The Conference Hotel Re-Imagined

By Randa Tukan Senior Vice Principal & Director of Interiors, HOK | September 09, 2018

Information is easier to access than ever before. In fact, we are bombarded daily with opportunities and/or webinars to learn, collaborate, and express opinions from our desks, computers, and tablets. With demands on our time, the need to create billable hours, and, the all-important, ROI, the need to justify our "out-of-office" time is greater than ever. Do we even need to attend professional conferences anymore? The answer is a resounding yes. As our dependence on tech continues to increase, so does our yearning for the human connection. Group meetings remain a catalyst for human connections with our peers

When reviewing the reasons for attendance, face to face interaction with one's peers rises above the importance of the keynote speaker or the schedule of events. Many attendees consider the breaks in between speakers, rather than the speaker sessions themselves, as the most valuable time spent at the conference. This becomes the time when the highest level of interaction with peers occurs as well as active interaction, engagement, and activities.

Studies show that attendance at professional conferences has remained relatively consistent since 2011. While formats have changed and continue to shift to retain interest in attendance, venues seem to remain unchanged and do not accommodate recent trends of alternative formats and venues as well as sizes and additional points outlined below.

How can hotel conference spaces be re-imagined to better support trends and event formats? How might these changes affect the future of conferences and assure that attendees, business owners and planners will continue to be attracted to them as desired outlets for growth and exposure?

The Challenge

To consider what a re-imagined conference space could be, we should review some of the trends and increasingly popular formats:

Choose a Social Network!

The social network you are looking for is not available.


Hotel Newswire Headlines Feed  

Stephanie Hilger
Dean Minett
Nicholas Pardon
Ed Blair
Matt Schwartz
Robert M. O'Halloran
Chris Green
Eileen McDargh
Coming up in May 2019...

Eco-Friendly Practices: Corporate Social Responsibility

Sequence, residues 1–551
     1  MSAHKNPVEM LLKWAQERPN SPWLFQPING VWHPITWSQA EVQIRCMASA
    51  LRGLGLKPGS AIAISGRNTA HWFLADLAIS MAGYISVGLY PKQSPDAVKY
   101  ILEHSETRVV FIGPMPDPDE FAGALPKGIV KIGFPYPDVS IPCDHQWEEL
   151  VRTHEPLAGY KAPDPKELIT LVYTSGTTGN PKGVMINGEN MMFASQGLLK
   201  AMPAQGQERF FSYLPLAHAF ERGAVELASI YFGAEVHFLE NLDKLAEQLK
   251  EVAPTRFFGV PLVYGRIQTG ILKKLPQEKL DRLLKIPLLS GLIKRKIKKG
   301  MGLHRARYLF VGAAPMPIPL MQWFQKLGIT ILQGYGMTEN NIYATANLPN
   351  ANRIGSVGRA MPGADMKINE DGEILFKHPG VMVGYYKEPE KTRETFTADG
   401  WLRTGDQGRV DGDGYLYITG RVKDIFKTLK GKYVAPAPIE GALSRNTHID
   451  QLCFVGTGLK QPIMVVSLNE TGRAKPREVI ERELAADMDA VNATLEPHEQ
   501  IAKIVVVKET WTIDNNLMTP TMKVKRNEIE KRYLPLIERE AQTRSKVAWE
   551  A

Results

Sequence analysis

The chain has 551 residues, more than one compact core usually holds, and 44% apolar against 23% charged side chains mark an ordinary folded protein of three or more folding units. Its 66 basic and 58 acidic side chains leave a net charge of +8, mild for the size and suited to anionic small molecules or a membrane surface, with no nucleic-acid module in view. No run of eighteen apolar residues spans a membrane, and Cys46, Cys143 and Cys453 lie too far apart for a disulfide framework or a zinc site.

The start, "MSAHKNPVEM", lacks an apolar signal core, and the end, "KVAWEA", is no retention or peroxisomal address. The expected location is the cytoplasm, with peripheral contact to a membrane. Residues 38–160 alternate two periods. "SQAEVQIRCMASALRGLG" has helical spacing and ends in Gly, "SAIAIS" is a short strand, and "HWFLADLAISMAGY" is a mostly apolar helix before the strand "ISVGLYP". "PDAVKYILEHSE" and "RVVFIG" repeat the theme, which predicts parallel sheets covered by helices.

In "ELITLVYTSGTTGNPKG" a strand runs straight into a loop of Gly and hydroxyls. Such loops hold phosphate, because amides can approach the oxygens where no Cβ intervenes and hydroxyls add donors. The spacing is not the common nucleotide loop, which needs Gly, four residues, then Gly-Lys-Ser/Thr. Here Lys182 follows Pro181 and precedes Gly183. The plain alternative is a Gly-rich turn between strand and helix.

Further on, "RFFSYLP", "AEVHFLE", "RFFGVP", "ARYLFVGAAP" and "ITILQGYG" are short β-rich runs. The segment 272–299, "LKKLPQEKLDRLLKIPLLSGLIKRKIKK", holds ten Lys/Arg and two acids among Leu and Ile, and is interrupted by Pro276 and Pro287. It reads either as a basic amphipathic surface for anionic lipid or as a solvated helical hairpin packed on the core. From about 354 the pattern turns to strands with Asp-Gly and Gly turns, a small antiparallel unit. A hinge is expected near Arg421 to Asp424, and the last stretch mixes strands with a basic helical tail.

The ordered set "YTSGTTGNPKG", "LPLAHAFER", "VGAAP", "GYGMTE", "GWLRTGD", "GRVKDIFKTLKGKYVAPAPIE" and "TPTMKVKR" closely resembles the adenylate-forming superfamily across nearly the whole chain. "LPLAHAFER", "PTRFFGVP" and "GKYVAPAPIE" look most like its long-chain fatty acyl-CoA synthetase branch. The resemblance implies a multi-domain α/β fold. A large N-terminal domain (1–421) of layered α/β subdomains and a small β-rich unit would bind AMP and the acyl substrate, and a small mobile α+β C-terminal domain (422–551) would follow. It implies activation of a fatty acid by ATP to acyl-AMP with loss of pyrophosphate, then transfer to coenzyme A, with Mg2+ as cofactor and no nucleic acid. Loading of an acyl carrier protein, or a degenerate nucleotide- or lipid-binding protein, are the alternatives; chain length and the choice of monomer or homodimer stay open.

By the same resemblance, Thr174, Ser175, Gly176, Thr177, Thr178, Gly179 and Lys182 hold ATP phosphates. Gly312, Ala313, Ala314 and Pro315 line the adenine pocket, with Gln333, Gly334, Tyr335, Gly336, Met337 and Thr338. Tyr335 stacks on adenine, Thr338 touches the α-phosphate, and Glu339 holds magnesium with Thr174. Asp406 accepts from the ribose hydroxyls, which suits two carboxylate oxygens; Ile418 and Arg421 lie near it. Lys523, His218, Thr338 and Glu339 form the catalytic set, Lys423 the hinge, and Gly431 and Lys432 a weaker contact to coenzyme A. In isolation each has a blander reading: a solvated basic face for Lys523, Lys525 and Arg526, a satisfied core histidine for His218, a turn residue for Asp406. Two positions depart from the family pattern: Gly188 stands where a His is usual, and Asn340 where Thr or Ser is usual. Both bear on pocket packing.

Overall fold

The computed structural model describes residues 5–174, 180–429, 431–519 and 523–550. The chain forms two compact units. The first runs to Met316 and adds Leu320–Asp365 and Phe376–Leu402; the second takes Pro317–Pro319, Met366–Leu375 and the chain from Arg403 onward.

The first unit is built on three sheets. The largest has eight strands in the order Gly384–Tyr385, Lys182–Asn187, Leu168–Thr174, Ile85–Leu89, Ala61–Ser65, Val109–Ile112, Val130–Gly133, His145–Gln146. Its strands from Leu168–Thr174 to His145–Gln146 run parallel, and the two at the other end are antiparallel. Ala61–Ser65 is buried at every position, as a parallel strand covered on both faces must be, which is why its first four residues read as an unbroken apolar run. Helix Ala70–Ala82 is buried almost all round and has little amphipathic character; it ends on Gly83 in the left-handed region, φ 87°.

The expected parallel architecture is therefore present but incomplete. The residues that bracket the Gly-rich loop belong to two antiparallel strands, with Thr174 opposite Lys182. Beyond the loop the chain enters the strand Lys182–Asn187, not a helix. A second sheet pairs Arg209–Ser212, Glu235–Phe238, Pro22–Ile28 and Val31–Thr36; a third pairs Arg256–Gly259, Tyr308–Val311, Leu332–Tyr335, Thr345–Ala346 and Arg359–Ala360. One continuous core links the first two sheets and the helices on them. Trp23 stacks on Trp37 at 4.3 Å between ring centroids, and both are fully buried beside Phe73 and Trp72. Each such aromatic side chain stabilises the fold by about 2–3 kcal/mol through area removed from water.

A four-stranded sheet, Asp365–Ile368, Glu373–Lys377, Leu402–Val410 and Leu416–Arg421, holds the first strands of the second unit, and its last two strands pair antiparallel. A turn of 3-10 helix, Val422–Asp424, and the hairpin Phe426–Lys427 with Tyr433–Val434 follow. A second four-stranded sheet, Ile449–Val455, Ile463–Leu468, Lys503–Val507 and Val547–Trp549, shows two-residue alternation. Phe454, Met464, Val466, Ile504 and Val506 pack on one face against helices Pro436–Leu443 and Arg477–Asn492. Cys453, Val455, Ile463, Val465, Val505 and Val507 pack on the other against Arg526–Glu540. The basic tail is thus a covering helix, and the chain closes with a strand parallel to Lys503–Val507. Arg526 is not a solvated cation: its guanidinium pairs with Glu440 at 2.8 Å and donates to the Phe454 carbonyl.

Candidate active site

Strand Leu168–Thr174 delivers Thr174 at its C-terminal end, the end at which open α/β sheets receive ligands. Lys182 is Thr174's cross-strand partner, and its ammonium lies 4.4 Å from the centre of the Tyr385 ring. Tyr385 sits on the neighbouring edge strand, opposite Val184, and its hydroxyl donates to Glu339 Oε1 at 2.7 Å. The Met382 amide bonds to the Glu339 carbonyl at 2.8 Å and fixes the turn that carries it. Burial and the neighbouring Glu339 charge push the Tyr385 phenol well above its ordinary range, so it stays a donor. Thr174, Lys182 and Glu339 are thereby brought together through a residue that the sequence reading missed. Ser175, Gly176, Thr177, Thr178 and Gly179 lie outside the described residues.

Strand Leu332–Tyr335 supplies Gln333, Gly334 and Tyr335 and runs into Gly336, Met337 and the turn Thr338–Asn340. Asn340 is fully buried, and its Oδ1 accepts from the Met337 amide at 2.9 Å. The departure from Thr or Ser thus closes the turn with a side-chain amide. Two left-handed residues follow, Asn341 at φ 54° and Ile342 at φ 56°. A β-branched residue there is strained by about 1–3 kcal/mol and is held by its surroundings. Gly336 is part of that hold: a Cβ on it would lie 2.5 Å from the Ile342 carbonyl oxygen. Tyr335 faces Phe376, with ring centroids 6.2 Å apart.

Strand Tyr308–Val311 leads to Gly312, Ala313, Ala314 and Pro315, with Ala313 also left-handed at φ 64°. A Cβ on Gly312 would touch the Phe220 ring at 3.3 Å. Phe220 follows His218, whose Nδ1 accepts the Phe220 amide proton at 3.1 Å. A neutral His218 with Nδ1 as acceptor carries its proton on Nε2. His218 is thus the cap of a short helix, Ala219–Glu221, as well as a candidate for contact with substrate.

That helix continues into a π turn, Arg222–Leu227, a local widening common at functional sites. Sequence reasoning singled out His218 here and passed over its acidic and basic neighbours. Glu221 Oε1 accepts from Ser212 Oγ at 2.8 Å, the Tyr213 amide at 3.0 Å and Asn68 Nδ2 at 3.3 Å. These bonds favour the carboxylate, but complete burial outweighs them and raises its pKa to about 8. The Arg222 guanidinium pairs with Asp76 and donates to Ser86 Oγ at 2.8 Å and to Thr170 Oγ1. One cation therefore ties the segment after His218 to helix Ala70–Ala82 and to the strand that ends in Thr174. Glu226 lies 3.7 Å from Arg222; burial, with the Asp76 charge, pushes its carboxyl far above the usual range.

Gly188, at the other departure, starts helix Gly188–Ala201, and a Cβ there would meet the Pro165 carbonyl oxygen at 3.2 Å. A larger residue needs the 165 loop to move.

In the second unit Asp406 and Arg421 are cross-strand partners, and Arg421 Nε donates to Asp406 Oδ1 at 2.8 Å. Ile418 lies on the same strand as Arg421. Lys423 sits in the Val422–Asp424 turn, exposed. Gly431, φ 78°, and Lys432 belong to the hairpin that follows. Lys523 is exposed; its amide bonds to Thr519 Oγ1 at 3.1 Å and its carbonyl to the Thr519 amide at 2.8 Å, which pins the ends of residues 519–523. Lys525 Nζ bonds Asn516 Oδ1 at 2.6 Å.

The hotel industry has undertaken a long-term effort to build more responsible and socially conscious businesses. What began with small efforts to reduce waste - such as paperless checkouts and refillable soap dispensers - has evolved into an international movement toward implementing sustainable development practices. In addition to establishing themselves as good corporate citizens, adopting eco-friendly practices is sound business for hotels. According to a recent report from Deloitte, 95% of business travelers believe the hotel industry should be undertaking “green” initiatives, and Millennials are twice as likely to support brands with strong management of environmental and social issues. Given these conclusions, hotels are continuing to innovate in the areas of environmental sustainability. For example, one leading hotel chain has designed special elevators that collect kinetic energy from the moving lift and in the process, they have reduced their energy consumption by 50%  over conventional elevators. Also, they installed an advanced air conditioning system which employs a magnetic mechanical system that makes them more energy efficient. Other hotels are installing Intelligent Building Systems which monitor and control temperatures in rooms, common areas and swimming pools, as well as ventilation and cold water systems. Some hotels are installing Electric Vehicle charging stations, planting rooftop gardens, implementing stringent recycling programs, and insisting on the use of biodegradable materials. Another trend is the creation of Green Teams within a hotel's operation that are tasked to implement earth-friendly practices and manage budgets for green projects. Some hotels have even gone so far as to curtail or eliminate room service, believing that keeping the kitchen open 24/7 isn't terribly sustainable. The May issue of the Hotel Business Review will document what some hotels are doing to integrate sustainable practices into their operations and how they are benefiting from them.